THE problem isn’t that Bill Walker, an MSP found guilty of assaulting three ex-wives and a stepdaughter, is unfit to be an elected politician.
The problem is that, in the eyes of the law, he’s perfectly fit for the job.
Walker may last week have been convicted of 23 charges of assault – including an attack during which he beat a teenage girl repeatedly on the head with a pot – and one of breach of the peace, but he’s entirely within his rights to remain the member of the Scottish Parliament for Dunfermline. And those who know him suggest Walker won’t give up the best part of £60,000-a-year regardless of whether he’s jailed next month or not (and a custodial sentence seems inevitable).
The people of Dunfermline are likely to have to wait until the 2016 election before they can get rid. But that – regardless of the deplorable nature of Walker’s crimes – is, sort of, quite right.
First Minister Alex Salmond led calls for Walker to step down following his conviction on Thursday. He described the MSP’s offences as “extremely serious” and demanded he resign his seat to enable a by-election. Representatives of all mainstream parties echoed the First Minister’s words. Walker, who was expelled by the SNP in April last year when allegations against him surfaced, remained unmoved.
But, then, why would we expect this man to do the “right thing” when the law’s on his side? Having been tried under summary procedure, without a jury, in front of a sheriff, the maximum sentence Walker can receive is 12 months. Under the Representation of the People Act (as incorporated, for the purposes of Holyrood matters, into the Scotland Act) a politician must be jailed for more than 12 months to be forced to quit parliament.
A chorus of condemnation and a parliamentary motion demanding his resignation may articulate public anger, but that doesn’t amount to a hill of beans. The law’s the law, and it’s an unsentimental thing.
One suggestion that’s floated back to the surface following the politician’s conviction is that we should introduce the power to recall elected members. Effectively, this would allow voters to sack errant politicians, should they succeed in petitioning enough support to trigger a by-election.
It’s understandable after a case like Walker’s that this might seem the obvious solution. It’s not.
Ours is a political culture where opponents will seize on the slightest misdeed – or the appearance of misdeed – to call for any number of investigations. Civil servants spend hours of their (our?) time following up on pitiful wee complaints designed to score political points rather than ensure standards. The power to recall politicians would be a dream for the vexatious and malicious. Can you imagine the nasty campaigns that would follow the introduction of a recall law? I know the sort of people who populate the world of politics and, let me tell you, there are plenty with the energy to whip up a witch hunt.
An alternative suggestion is that the law should be changed so that a simple conviction is enough to bar an individual from office. Again, it’s a bad idea.
We’d end up with a system where a politician convicted for taking part in a protest, for example, would pay for that stand with his or her job. And since we’d be drawing a new line (always tricky) where would it sit? Would we declare that the new threshold should be a month inside? A day? Perhaps a speeding ticket should be enough.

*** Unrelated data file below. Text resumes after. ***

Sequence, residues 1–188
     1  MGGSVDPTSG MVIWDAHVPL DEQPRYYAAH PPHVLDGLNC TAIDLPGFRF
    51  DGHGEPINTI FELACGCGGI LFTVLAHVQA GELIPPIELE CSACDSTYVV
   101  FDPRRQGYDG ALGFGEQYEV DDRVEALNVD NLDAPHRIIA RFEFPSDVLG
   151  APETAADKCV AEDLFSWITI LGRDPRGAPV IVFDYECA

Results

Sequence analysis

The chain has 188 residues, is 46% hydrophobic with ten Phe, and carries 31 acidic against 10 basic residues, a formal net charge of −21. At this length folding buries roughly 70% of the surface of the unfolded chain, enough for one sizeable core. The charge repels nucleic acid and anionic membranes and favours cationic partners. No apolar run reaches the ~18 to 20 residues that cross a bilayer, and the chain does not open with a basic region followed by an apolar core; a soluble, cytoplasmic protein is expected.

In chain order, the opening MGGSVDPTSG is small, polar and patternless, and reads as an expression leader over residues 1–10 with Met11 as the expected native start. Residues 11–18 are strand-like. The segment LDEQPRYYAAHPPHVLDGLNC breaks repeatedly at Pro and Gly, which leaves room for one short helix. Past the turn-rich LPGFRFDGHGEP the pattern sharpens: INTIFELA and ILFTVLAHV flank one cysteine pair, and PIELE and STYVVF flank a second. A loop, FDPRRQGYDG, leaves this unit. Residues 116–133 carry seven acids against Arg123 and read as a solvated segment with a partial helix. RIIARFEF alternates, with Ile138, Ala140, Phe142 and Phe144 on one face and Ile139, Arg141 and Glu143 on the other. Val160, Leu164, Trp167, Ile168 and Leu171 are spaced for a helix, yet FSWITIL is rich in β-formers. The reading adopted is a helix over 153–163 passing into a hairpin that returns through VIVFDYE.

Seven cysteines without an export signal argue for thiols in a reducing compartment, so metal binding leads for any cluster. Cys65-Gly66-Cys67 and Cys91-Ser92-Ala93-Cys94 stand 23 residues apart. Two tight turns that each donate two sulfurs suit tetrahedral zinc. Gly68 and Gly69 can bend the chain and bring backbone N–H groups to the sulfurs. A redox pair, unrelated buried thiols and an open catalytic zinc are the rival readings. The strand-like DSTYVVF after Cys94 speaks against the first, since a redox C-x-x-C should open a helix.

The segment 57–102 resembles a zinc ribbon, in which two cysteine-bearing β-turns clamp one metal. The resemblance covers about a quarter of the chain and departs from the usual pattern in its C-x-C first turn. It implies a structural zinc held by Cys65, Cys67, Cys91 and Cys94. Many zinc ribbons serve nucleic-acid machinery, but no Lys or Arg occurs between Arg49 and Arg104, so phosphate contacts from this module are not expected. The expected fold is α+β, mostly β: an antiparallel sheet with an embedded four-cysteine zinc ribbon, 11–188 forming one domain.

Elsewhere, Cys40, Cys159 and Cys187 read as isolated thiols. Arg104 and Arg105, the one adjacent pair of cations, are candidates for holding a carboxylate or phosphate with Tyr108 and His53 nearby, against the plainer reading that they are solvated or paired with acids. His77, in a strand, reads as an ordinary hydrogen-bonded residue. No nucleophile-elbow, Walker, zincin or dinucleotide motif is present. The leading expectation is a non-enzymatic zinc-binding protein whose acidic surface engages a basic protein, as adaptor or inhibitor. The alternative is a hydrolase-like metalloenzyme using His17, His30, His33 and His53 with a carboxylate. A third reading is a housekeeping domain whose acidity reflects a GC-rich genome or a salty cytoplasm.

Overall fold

The current law allows for a bit of common sense. It recognises that not every person convicted of a crime is a monster. It forgives (a little) human frailty. Walker’s right to remain an MSP is down to legislation that makes good sense.
That doesn’t mean we should be at all relaxed that Walker can’t be forced out. His crimes were quite terrible. He abused women across four decades and even the most compassionate among us would surely find a lengthy prison sentence to be in order.
Legal academic Andrew Tickell asked a very good question last week following Sheriff Katherine’s Mackie’s guilty verdict: Just how many counts of domestic abuse does a man have to be charged with to face a jury in this country?
The Crown Office has made much of its commitment to tackling domestic violence so, given the seriousness of the charges against Walker, why wasn’t he tried before a jury, under solemn rather than summary proceedings?
Had that happened and had he been found guilty, Walker would be about to receive the sort of jail sentence that would make all of this irrelevant. Dunfermline would be preparing to elect a new MSP, and we wouldn’t be employing a wife-beater as a legislator.
We’re indebted to Tickell for pushing the Crown Office for an explanation as to why the decision was taken to deal with Walker in the way he was.
We now know that the Procurator Fiscal in Dunfermline initially raised solemn proceedings against the politician and that it was on the advice of Crown Counsel – who usually prosecute the most serious crimes in the High Court – that matters were downgraded to summary status. Had the Fiscal’s first thought been allowed to live, then Walker might this weekend be facing the prospect of up to five years behind bars. I’d be fascinated to hear Lord Advocate Frank Mulholland give more details about why this happened.
Those angered that Walker can remain an MSP may blame the law all they like. They can call for new legislation, sign petitions and even lay down parliamentary motions.
But the fact that Bill Walker is free to retain his parliamentary seat is not down to a fault in the law. It’s down to the unfathomable decision taken by those who run our justice system not to stand him in front of a jury. «